(He's been here)

Sydney stopped breathing. She looked around the bathroom again, trying to figure things out, find clues. There were water droplets on the basin, which wouldn't have been there if no one had used the house in as long as she'd been informed. Towels, slightly damp. The one on the bed was half- dry, and she clutched it as she stood in the middle of the bedroom, staring at the bed.

(He was here)

Her first instinct was to fall to the floor, sobbing, crying, begging for him to come back. To hold the towel to her pathetically and cry into it's cold, slightly-damp comfort.

She stopped herself.

Instead, she stared at the bed, waited for something to happen. Satisfied the bed was empty she moved over to the mattress, sat on it for a moment. (I'm insane) Stared at the pillows, imagining a head-sized dint in one of them. (There's nothing there. I know that. But I want there to be) She finally lay on the bed, breathed in its smell - clean sheets, nothing more, and was disappointed.

(I want them to smell like him)

Stood again, turned to face the bed once more. So innocent, innocuous, and yet it made her want to pull apart the pillows, rip the coverlet to shreds, gauge into the mattress with a knife, killing something that was already dead, cause it as much pain as it was causing her.

(I think I'm losing it)

Sydney stared at it some more, wondering why. Why she was here, why he'd been here, why she was so lost without him. (I'm my own woman, dammit. He shouldn't make me feel like this. Like I'm three and can't find my father at the supermarket)

(But he does)

Then she moved towards the bed again, reached for the pillow closest to her. Snatched it to her, held it as she looked under it. Prayed for a message, a photo, an envelope.



She left the room, the pillow dropped to the floor on her way out, towel half-off the foot of the bed.

Her father was in the kitchen, looking tired and peaceful. Sydney felt hope. Something made her feel as though there was an escape from everything, finally.

Her father almost smiling, for one.

She sat down near the counter, slipping onto one of the stools as her father pulled out the cake, looked at it sceptically, then placed it on the blue (blue; it's as bad as the fucking pink) marble bench top next to him. She watched Jack, the man who had brought her into this life, arrange some fruit on a plate and set it out in front of her, ready to be eaten. She picked at it, eating a strawberry and a banana before giving up.

Her father looked at her worriedly, then decided it was best to leave her alone. Silence overtook the house, the only sounds for a long while being the crunch of fruit between teeth, of peels hitting plates, and then of plates being stacked in the sink. Her father moved to the small bedroom, peering in at the small space, and turned back to Sydney, nodded once.

"I'll take the smaller bedroom."

Sydney looked up at him. "No, Dad, take -"

He shook his head. "No. It's yours. I'm going to get some rest, all right?"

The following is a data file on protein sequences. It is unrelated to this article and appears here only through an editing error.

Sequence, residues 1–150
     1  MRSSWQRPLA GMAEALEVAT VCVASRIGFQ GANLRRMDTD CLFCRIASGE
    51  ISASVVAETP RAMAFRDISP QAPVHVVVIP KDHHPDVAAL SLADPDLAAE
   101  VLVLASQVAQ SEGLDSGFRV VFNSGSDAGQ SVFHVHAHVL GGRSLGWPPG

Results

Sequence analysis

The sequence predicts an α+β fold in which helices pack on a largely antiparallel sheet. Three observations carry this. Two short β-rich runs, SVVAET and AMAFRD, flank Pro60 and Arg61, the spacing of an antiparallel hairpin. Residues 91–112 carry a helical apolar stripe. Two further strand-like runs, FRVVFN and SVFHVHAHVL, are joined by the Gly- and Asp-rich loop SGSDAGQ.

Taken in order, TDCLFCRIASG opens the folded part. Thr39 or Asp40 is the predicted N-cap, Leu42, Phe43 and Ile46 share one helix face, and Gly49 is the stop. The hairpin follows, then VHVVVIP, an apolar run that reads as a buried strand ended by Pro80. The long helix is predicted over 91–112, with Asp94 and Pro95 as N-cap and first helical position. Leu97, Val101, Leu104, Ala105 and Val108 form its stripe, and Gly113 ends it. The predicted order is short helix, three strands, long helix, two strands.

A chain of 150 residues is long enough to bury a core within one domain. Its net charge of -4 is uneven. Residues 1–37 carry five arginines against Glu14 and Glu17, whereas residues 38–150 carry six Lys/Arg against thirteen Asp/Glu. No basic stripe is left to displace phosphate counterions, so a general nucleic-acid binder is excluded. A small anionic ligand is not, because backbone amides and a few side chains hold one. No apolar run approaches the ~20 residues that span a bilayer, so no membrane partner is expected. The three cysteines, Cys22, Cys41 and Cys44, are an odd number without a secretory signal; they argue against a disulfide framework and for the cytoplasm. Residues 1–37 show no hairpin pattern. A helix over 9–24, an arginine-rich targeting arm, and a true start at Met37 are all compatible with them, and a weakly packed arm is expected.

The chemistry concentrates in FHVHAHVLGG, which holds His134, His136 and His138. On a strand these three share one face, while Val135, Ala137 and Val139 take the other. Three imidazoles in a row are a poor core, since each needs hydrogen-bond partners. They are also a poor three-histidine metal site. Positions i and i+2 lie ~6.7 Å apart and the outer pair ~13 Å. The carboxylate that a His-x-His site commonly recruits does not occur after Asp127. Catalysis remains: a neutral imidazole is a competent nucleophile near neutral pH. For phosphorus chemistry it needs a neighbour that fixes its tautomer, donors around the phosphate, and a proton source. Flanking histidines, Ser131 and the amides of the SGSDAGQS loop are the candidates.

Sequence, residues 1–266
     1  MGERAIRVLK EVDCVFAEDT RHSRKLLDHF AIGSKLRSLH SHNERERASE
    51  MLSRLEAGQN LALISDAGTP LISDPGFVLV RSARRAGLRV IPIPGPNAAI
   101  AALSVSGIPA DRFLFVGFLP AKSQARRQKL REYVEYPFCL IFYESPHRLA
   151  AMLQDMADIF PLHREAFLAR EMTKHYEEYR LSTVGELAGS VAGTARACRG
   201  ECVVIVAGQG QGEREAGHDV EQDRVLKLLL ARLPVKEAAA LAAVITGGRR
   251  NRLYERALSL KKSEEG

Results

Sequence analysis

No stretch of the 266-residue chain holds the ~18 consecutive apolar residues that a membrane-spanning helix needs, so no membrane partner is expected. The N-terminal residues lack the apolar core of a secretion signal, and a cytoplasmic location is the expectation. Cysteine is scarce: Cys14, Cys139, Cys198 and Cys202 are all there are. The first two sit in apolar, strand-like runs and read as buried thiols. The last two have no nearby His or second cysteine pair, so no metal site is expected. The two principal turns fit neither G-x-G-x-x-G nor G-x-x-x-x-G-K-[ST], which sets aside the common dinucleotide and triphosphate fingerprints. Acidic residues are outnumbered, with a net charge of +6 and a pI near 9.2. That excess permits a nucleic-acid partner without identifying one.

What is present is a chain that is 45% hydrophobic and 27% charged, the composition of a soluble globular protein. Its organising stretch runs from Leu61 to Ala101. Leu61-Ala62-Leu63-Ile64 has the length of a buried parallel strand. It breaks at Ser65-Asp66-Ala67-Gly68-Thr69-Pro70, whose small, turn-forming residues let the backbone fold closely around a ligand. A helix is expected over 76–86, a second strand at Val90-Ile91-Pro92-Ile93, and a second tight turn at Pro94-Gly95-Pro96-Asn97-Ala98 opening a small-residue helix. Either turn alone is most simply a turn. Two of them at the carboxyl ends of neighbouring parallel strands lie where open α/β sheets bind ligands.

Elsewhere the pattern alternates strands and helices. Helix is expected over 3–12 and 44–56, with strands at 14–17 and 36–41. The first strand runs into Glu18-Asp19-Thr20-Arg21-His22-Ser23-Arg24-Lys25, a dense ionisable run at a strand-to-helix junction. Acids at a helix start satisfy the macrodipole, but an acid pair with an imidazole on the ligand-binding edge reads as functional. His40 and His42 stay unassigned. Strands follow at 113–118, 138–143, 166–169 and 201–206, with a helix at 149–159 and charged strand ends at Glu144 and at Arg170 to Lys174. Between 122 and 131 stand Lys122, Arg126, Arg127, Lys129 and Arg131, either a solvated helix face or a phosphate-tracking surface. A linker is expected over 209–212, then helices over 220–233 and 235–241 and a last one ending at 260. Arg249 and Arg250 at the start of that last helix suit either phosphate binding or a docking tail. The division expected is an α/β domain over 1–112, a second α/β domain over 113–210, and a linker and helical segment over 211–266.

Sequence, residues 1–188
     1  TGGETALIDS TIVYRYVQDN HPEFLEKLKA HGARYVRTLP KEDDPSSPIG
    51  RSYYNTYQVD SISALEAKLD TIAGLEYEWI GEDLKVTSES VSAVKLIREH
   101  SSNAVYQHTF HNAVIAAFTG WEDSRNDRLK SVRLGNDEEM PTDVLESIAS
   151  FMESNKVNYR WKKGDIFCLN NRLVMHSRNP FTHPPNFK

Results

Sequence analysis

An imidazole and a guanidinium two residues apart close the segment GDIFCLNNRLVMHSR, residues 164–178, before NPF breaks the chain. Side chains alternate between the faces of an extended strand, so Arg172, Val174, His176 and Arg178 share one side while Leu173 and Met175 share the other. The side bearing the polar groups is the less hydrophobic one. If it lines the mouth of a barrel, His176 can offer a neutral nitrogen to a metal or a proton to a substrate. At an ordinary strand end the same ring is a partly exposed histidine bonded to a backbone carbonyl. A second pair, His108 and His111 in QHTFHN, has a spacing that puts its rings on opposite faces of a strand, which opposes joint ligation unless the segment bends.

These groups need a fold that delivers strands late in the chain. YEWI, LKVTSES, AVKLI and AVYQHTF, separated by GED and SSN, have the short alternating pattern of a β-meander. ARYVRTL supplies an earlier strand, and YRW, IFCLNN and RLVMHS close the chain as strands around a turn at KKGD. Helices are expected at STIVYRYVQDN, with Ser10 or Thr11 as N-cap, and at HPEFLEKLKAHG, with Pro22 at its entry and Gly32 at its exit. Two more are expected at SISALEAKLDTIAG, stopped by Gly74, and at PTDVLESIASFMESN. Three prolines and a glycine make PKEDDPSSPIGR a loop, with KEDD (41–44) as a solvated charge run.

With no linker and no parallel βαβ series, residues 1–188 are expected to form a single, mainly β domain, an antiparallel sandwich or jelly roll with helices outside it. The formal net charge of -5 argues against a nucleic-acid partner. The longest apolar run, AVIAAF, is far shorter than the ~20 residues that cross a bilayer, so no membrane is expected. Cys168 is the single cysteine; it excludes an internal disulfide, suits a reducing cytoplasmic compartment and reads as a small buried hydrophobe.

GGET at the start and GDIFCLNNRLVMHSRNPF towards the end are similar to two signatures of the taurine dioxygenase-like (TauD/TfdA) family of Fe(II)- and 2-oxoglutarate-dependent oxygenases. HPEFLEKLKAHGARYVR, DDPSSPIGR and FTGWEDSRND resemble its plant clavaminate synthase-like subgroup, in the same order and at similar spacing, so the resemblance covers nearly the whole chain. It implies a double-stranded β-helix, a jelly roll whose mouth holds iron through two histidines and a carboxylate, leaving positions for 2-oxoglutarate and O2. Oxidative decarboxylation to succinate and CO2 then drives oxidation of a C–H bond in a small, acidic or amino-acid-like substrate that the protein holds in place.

Before she could answer, he'd closed the door, leaving her alone. She wondered if he'd sleep; then realised he actually might.

And she was left with nothing to do. It was hardly two in the afternoon (three past two, to be exact) and she wanted nothing more than to collapse somewhere and cry, mourn everything, then smile and celebrate the start of something new.

She wrote a note, left the house, walked for hours. Good sense of direction helped her as she strolled, the beach helping ease her mind as the salt water trickled over her toes, the salty air whipping her hair back from her face. She wished she wasn't alone, wished she was completely free, wished a lot of things that would never come true.

Several hours later, she returned to the house, surprised by the long time she'd been gone, and yet happy at how she'd spent her time. She hadn't cried.


She strolled into the kitchen quietly, not wanting to wake her dad, but then stopped when she spotted him sitting at the counter.

"Hey Dad." The words were quiet from her mouth, controlled and not shaky.

He looked up at her with a small smile, one of those where the corners of his mouth just. rose above the rest of his lips. Most would have considered it a fake smile, but Sydney knew that it had been the only one he possessed for years.

"Hello, Sydney."

His gaze was calm, his eyes not shutting her out, and she was confused. He was too happy - or not happy, more along the lines of 'cheery' - compared to his usual moods. His cup of coffee, the smell wafting into her nostrils, (choking me) was cradled between his hands, and the whole picture was wrong. She didn't want him happy. She wanted him pissed off.

And she wanted answers.

She smiled faintly, trying to work out exactly what she wanted to say. She focused on her hands as she leaned on the bench across from her father, not hearing whatever it was he said, his speech still punctuated by that constructed smile. She was lost for a moment before she looked into Jack's confused eyes and asked, "Why didn't you tell me you were going to Germany?"